Eagle talk covers ghost towns, mines
August 26, 2010
EAGLE, Colorado – The Eagle River Watershed Council is putting on a presentation called “Ghost Towns and Mines” at 10 a.m. Saturday at The Sylvan Lake State Park Visitor’s Center in Eagle.
Ashley Fransen, an intern to the Eagle River Watershed Council through Volunteers in Service to America and a student at Colorado State University, spent most of the summer in the field. She studied acid mine drainage and the impact that the abandoned mines and ghost towns in Eagle County have on our watershed.
“Colorado has a rich mining history, and in Eagle County we have a significant number of abandoned mines and their ghost towns that exemplify the peak of the gold and silver booms in our state,” Fransen said. “Abandoned mines and ghost towns represent a period in American history when the West was a true frontier and some of the most ambitious and interesting people in the world came to make their fortune. The effects of historical mining in Colorado and Eagle County still resonate in our lives today.”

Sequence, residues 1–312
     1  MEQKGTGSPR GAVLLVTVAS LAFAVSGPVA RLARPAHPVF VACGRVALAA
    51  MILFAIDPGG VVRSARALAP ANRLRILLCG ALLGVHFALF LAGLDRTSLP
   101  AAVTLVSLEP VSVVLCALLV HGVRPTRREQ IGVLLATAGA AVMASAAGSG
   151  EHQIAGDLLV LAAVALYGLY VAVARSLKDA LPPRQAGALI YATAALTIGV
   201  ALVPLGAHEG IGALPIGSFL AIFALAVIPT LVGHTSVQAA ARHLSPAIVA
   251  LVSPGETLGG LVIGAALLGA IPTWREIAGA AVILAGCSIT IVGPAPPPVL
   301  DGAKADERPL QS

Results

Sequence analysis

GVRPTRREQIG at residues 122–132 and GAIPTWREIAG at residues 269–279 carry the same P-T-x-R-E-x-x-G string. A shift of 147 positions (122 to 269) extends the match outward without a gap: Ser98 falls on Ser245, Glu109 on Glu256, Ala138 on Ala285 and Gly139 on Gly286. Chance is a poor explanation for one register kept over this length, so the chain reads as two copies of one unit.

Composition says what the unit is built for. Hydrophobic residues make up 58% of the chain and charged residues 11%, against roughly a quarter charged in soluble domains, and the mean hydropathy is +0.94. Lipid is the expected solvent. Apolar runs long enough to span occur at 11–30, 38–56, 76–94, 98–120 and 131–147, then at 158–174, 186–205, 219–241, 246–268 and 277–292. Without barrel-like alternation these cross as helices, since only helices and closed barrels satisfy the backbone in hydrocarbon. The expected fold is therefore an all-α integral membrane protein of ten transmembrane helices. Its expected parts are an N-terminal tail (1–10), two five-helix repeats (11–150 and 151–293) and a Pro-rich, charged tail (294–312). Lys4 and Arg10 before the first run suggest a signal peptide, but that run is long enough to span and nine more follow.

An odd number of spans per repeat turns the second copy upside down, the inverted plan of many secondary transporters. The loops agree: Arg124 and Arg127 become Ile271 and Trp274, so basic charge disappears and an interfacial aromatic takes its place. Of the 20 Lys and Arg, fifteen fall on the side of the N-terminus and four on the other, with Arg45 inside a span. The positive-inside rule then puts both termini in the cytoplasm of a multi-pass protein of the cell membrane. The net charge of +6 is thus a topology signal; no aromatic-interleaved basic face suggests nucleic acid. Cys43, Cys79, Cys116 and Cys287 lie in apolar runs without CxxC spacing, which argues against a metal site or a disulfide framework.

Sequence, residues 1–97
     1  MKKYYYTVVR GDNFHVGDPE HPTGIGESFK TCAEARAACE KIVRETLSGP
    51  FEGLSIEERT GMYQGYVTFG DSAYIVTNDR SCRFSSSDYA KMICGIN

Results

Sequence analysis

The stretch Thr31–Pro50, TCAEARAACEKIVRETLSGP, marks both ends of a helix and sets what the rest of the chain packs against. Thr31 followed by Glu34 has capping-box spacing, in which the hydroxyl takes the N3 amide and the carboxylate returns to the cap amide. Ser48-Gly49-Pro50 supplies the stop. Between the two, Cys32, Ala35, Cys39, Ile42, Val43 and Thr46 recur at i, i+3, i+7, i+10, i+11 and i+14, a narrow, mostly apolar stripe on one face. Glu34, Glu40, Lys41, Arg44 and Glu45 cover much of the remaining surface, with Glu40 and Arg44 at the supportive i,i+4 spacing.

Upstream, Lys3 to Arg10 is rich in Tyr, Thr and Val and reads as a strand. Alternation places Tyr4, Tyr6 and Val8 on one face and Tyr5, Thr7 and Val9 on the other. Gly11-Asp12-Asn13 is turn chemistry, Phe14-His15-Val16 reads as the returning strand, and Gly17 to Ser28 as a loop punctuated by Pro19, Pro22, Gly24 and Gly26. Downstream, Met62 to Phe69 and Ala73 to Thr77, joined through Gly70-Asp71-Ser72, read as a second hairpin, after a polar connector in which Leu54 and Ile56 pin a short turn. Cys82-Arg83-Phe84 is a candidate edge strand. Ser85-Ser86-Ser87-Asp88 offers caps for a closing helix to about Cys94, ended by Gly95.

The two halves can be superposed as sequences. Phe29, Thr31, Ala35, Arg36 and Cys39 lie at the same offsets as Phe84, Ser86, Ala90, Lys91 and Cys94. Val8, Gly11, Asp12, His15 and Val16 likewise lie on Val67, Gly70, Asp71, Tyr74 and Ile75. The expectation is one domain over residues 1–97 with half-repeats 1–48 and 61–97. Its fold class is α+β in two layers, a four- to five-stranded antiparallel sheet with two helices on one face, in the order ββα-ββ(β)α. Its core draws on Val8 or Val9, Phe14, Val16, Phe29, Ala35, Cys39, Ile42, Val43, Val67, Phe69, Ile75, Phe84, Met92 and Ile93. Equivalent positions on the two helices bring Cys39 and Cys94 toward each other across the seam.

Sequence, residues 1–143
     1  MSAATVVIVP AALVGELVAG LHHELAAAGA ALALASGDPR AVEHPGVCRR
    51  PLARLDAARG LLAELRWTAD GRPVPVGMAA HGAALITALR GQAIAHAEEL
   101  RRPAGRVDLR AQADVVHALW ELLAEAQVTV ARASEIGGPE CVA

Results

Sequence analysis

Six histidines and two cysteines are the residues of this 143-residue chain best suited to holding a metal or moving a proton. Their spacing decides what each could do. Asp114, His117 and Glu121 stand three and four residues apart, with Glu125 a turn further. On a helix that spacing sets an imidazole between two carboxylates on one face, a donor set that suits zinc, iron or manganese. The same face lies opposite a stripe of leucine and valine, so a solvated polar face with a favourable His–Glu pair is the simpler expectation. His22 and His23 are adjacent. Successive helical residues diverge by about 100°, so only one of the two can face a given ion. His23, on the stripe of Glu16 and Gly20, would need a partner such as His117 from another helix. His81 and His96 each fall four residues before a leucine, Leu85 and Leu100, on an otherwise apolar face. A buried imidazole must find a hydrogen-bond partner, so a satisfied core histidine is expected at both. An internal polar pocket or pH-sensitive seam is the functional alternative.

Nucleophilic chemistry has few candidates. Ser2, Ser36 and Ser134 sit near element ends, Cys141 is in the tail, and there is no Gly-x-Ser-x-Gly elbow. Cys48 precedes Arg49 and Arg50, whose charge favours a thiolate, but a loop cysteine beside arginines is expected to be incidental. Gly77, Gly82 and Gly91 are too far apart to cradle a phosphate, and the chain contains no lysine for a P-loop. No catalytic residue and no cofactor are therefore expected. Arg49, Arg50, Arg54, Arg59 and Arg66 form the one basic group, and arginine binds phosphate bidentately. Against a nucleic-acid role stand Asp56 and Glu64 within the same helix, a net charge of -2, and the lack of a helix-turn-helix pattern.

Participants will learn about the geology, history and environmental impact of the abandoned mines and ghost towns in Eagle County. Hike to an abandoned mine and learn how to enjoy these historical sites safely. Participants will unearth the geologic history of the precious metals sought after in these mines. The presentation starts at 10 a.m., followed by the hike. Bring sunscreen and a sack lunch.